[Show abstract][Hide abstract] ABSTRACT: Impaired DNA damage response pathways may create vulnerabilities of cancer cells that can be exploited therapeutically. One such selective vulnerability is the sensitivity of BRCA1- or BRCA2-defective tumors (hence defective in DNA repair by homologous recombination, HR) to inhibitors of the poly(ADP-ribose) polymerase-1 (PARP-1), an enzyme critical for repair pathways alternative to HR. While promising, treatment with PARP-1 inhibitors (PARP-1i) faces some hurdles, including (1) acquired resistance, (2) search for other sensitizing, non-BRCA1/2 cancer defects and (3) lack of biomarkers to predict response to PARP-1i. Here we addressed these issues using PARP-1i on 20 human cell lines from carcinomas of the breast, prostate, colon, pancreas and ovary. Aberrations of the Mre11-Rad50-Nbs1 (MRN) complex sensitized cancer cells to PARP-1i, while p53 status was less predictive, even in response to PARP-1i combinations with camptothecin or ionizing radiation. Furthermore, monitoring PARsylation and Rad51 foci formation as surrogate markers for PARP activity and HR, respectively, supported their candidacy for biomarkers of PARP-1i responses. As to resistance mechanisms, we confirmed the role of the multidrug resistance efflux transporters and its reversibility. More importantly, we demonstrated that shRNA lentivirus-mediated depletion of 53BP1 in human BRCA1-mutant breast cancer cells increased their resistance to PARP-1i. Given the preferential loss of 53BP1 in BRCA-defective and triple-negative breast carcinomas, our findings warrant assessment of 53BP1 among candidate predictive biomarkers of response to PARPi. Overall, this study helps characterize genetic and functional determinants of cellular responses to PARP-1i and contributes to the search for biomarkers to exploit PARP inhibitors in cancer therapy.
[Show abstract][Hide abstract] ABSTRACT: Most patients with ovarian carcinomas succumb to their disease and there is a critical need for improved therapeutic approaches. Carcinomas arising in BRCA mutation carriers display defective DNA double-strand break repair that can be therapeutically exploited by inhibition of PARP-1, a key enzyme in the repair of DNA single-strand breaks, creating synthetic lethality in tumor cells.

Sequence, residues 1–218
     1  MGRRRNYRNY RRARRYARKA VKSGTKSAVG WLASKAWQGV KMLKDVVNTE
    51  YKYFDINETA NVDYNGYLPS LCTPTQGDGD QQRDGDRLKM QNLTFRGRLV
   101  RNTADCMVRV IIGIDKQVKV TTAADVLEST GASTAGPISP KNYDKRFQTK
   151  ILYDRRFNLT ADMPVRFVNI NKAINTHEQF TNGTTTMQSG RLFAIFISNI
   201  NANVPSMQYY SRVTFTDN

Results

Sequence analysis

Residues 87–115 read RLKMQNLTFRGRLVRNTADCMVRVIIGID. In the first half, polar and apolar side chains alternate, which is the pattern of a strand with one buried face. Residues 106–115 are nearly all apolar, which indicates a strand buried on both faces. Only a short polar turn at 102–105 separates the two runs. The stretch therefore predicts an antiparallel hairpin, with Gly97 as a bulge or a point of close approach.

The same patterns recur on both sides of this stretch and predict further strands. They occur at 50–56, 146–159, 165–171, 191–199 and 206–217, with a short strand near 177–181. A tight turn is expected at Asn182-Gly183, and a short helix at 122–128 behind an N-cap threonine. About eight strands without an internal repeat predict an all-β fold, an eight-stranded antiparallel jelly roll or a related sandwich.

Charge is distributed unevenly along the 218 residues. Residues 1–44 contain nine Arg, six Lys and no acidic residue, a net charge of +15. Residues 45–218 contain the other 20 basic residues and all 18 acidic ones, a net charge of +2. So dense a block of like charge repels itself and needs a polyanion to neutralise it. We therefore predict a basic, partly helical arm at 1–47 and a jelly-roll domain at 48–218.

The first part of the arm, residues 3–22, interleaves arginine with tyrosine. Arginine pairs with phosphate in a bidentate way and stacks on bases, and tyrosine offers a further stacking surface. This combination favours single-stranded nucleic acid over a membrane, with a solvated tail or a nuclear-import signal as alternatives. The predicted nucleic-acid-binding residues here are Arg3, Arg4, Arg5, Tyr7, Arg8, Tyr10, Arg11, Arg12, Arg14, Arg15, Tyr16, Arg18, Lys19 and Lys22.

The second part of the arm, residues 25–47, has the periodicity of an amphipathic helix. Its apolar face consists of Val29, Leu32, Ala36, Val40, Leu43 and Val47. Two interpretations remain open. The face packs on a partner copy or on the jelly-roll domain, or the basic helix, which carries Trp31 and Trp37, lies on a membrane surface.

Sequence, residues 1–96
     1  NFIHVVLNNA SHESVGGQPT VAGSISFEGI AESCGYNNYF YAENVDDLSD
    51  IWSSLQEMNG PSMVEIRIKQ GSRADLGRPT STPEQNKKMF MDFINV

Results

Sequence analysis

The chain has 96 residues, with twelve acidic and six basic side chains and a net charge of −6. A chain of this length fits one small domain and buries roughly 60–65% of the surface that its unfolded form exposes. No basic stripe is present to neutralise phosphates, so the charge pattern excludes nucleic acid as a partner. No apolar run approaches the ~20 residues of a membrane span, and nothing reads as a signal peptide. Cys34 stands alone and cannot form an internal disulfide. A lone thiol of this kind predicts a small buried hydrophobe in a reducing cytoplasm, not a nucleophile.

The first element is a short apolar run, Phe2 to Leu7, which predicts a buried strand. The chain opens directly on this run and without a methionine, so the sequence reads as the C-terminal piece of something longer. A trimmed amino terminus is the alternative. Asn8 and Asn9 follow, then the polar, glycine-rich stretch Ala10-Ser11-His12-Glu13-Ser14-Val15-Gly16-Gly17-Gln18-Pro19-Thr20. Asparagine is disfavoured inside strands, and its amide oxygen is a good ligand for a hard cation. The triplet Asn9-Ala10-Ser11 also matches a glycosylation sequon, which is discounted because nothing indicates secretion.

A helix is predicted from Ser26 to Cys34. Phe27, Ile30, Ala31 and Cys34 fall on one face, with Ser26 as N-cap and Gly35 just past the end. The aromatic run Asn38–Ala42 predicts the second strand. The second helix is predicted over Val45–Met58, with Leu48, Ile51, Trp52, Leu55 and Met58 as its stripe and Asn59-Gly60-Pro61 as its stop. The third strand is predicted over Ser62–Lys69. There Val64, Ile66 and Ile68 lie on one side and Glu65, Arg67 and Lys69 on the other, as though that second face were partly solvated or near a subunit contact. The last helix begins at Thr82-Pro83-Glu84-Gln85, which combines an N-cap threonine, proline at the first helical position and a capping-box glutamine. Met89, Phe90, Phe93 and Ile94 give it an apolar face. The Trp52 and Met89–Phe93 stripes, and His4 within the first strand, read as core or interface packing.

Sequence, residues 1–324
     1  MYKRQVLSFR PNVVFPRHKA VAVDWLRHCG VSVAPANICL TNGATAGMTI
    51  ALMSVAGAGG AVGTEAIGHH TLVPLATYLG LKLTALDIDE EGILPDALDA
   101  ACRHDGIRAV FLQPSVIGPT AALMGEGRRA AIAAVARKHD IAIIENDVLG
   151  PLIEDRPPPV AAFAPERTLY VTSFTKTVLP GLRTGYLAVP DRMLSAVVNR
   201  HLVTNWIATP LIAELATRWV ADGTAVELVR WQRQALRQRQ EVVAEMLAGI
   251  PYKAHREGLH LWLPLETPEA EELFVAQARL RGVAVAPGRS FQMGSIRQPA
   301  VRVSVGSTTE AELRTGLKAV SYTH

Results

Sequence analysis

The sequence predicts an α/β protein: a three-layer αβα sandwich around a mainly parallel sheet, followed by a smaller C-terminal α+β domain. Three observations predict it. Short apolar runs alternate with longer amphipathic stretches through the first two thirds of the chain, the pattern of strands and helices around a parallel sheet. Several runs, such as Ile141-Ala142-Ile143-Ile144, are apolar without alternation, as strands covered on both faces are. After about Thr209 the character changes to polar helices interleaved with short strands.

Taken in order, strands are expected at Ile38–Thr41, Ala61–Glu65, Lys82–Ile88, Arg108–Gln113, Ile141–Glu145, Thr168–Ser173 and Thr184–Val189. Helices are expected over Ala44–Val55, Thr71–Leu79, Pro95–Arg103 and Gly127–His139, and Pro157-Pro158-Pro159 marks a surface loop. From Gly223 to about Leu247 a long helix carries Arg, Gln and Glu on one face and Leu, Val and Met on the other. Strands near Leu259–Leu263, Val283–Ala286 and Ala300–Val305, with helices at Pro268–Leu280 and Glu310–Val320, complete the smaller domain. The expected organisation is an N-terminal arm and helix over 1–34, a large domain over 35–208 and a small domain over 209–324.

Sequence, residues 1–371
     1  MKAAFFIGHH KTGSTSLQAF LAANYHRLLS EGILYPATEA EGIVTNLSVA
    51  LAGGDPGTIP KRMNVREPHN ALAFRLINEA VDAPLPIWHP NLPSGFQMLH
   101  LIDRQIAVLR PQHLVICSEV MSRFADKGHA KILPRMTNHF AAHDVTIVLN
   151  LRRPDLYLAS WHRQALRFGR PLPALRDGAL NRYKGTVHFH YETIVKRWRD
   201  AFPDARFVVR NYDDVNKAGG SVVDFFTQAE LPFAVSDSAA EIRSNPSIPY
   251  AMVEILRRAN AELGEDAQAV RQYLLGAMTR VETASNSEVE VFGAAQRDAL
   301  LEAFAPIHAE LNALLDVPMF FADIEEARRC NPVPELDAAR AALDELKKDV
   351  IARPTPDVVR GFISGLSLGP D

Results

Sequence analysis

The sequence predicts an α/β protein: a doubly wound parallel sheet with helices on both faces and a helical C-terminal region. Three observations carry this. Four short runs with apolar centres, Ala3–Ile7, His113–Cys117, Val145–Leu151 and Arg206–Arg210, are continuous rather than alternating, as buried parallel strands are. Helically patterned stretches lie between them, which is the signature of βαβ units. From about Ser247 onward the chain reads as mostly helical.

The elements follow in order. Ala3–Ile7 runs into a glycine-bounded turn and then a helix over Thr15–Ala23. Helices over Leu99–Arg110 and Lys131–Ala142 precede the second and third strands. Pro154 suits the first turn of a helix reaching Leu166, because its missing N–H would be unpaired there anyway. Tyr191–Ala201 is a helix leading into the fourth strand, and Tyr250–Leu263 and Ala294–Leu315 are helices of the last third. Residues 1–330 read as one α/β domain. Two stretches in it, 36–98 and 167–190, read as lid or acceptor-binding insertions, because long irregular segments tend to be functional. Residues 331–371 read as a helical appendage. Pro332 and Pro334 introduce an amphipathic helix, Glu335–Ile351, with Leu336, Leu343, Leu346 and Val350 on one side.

To investigate synthetic lethality in vivo, we established a BRCA2 germline-mutated xenograft model that was developed directly from human ovarian cancer tissue, treated with the PARP inhibitor olaparib (AZD2281) alone and in combination with carboplatin.
We show that olaparib alone and in combination with carboplatin greatly inhibit growth in BRCA2-mutated ovarian serous carcinoma. This effect was not observed in a serous carcinoma with normal BRCA function, showing a specific antitumor effect of olaparib in mutation carriers. Immunohistochemistry (cleaved caspase-3 and Ki-67 stains) of remnant tissue after olaparib treatment revealed significantly decreased proliferation and increased apoptotic indices in these tumors compared with untreated controls. Furthermore, olaparib-treated tumors showed highly reduced PARP-1 activity that correlated with olaparib levels.
We established a BRCA2-mutated human ovarian cancer xenograft model suitable for experimental drug testing. The demonstrated in vivo efficacy of olaparib extends on the preclinical rationale for further clinical trials targeting ovarian cancer patients with BRCA mutations.
Full-text · Article · Feb 2011 · Clinical Cancer Research